There are three macronutrients that, for the most part, make up our food. Each ‘macro’ has its own unique functions in the human body.
Growth & repair
Protein is the most important macronutrient in your diet, helping the body repair make new cells, build muscle and carry a good body composition. We can get the protein needed in our diet from meat, dairy products, nuts and certain grains and beans. Our bodies do not store protein in the same way does fats and carbohydrates, so it is key to consume protein in our diet every day, ideally spread evenly across your meals.
- Meats (lean or fatty) like beef, steak, or wild game
- Poultry such as chicken or turkey
- Seafood, such as wild caught fish and shellfish
- High quality deli meats
- Dairy like Greek yogurt, milk and cottage cheese
- Beans and Lentils (vegetarian)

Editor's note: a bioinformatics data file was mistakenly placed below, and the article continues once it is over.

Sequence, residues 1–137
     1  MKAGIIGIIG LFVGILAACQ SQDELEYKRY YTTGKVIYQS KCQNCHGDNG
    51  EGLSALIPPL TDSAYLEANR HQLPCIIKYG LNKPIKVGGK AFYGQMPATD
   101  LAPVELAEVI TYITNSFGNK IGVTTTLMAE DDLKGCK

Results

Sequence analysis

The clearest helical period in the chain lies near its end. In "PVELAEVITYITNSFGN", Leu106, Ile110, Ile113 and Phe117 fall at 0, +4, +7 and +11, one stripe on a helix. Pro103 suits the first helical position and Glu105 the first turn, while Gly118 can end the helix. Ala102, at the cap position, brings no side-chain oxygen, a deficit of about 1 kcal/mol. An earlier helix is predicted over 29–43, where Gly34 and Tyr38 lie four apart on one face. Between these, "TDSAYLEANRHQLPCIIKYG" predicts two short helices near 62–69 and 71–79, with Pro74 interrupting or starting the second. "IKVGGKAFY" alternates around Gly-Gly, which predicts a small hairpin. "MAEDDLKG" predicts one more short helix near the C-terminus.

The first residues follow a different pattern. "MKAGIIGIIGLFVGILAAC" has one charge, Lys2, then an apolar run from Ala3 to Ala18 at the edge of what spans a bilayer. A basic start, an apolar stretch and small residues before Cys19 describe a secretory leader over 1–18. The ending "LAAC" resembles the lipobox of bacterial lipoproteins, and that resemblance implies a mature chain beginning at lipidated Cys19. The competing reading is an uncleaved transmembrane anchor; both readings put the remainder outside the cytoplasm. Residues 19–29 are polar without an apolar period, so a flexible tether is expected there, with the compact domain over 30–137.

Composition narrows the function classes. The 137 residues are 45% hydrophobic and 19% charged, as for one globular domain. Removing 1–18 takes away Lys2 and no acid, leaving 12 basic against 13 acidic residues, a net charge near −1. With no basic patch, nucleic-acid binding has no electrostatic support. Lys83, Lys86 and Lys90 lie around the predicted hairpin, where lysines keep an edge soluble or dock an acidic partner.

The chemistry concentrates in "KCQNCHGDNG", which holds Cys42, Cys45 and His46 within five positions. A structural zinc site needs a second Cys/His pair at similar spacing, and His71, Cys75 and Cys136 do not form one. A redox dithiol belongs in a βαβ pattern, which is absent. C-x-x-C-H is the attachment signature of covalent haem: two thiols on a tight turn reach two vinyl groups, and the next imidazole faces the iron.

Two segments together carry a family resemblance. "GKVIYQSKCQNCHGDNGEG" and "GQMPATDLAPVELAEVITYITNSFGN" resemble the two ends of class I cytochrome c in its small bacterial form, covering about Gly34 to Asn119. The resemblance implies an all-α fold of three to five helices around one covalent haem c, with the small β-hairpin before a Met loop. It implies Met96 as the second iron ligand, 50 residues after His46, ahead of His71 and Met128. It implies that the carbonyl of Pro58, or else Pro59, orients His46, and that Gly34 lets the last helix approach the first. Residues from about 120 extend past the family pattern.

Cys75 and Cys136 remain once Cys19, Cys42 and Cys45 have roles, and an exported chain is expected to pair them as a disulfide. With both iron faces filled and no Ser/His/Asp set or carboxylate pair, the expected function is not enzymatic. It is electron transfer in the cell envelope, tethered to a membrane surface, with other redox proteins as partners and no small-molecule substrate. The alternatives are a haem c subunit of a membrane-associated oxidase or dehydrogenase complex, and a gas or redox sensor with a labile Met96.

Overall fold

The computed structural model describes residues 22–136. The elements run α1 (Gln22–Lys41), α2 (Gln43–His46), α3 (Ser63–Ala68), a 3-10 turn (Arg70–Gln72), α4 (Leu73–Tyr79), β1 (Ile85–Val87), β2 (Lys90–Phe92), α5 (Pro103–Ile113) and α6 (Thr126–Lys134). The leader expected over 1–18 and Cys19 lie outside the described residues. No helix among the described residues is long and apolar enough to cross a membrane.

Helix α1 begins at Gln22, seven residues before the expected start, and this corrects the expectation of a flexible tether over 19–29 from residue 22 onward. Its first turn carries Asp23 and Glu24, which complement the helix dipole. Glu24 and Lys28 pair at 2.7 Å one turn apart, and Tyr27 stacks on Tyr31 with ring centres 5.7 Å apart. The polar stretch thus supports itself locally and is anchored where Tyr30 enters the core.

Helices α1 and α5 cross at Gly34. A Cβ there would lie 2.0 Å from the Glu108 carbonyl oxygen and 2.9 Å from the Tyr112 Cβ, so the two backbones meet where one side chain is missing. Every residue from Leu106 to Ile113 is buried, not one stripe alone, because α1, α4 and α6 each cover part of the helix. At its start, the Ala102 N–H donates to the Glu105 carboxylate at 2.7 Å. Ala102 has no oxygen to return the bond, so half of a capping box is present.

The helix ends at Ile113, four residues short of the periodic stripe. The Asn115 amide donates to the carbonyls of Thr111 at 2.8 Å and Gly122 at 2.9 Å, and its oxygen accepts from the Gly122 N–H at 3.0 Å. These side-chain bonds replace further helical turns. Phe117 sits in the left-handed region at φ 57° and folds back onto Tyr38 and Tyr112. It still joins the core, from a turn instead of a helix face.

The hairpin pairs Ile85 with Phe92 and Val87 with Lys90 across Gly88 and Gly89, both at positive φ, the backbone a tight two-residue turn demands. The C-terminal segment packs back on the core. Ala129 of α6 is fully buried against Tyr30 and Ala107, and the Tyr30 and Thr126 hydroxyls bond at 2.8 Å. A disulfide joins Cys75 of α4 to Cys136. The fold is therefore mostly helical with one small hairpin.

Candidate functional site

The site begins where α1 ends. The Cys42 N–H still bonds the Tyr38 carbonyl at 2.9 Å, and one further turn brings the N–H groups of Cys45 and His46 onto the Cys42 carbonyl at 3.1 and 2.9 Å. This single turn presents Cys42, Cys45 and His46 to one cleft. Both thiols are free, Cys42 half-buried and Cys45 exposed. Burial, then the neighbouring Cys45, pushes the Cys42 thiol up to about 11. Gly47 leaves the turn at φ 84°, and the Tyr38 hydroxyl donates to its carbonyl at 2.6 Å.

Hormones & Vitamin absorption
Dietary fat is essential to human function, giving your body energy and supporting cell growth. Specifically, fat is essential for the absorption of certain vitamins (A, D, E, K), hormone regulation and healthy skin hair and nails. Fats are the slowest digesting macro so they are great at keeping you full, but should be avoided in excess too close to your pre and post-training meals
- Oils e.g. olive oil, coconut
- Full fat dairy
- Fatty meat
Carbohydrates are the best source of energy for our bodies. While important as part of a balanced diet for everyone, they are gold for athletes to fuel perform and recover. Carbs are vital for proper hormone and thyroid function and the fibre from carbohydrates promotes better digestion. About 50 to 60% of your daily carbohydrates should be consumed around your workouts. Choosing complex carbs over simple refined sources is important.
- Rice – brown, jasmine, basmati, wild etc
- Vegetables – broccoli, zucchini, carrots, pumpkin etc
- Wholegrain bread
Written by Sally Cowan